Updated: Wednesday, 09 July 2014 05:58 | By Agence France-Presse

Van Dyck discovered by British TV programme fails to sell

A lost Van Dyck painting spotted on a British television programme failed to find a buyer at a Tuesday auction despite estimates it would fetch 1,000 times its original price.


Van Dyck discovered by British TV programme fails to sell

A lost Van Dyck painting spotted on a British television programme failed to find a buyer at a Tuesday auction despite estimates it would fetch 1,000 times its original price - by Martin Bureau

Auctioneers Christie's had estimated the sketch for the 1635 work "The Magistrates Of Brussels" would sell for between £300,000 and £500,000 ($856,000, 630,000 euros), but it did not find a buyer.

It had originally been bought for £400 from an antiques shop in Cheshire, northern England, by Catholic priest Father Jamie MacLeod.

In December, MacLeod took the bargain painting onto "Antiques Roadshow" -- a BBC television programme on which hopeful antique hunters have their purchases valued by experts.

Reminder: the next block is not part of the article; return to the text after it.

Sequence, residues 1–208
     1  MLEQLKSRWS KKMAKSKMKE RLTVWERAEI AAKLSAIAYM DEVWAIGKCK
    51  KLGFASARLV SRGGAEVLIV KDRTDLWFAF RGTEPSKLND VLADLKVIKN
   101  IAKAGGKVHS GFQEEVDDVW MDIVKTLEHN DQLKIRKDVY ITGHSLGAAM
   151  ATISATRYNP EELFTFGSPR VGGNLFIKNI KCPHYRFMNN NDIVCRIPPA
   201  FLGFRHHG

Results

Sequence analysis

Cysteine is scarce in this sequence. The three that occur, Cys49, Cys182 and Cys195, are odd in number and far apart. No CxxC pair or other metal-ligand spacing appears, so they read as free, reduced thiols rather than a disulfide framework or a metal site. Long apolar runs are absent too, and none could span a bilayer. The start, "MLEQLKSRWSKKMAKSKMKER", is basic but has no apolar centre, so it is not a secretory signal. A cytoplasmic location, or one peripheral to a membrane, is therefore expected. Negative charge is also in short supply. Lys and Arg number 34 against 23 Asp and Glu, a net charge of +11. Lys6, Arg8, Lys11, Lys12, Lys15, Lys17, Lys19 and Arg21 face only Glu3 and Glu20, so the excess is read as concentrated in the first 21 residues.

The host of the show, Fiona Bruce, had been making a show about the Flemish artist Anthony Van Dyck and brought the priest's painting to the attention of one of the experts, having seen it and thought it was genuine.

Christie's said the sketch had largely been obscured by overpainting, and as a result had been overlooked by Van Dyck scholars.

After a long period of cleaning and restoration, the masterpiece was pronounced genuine by Christopher Brown, one of the world's authorities on Van Dyck, an artist who was born in modern-day Belgium and came to work in England in 1632 at the invitation of King Charles I.

Other paintings that sold at the auction of Old Master works included a painting of Venice by Francesco Guardi that sold for $17 million and "Saint Praxedis" by Johannes Vermeer, which sold for $10.7 million. All buyers were anonymous.

The priest had planned to use funds from the sale to buy new church bells for a retreat he runs in Derbyshire, northern England, to commemorate the centenary of the end of World War I.

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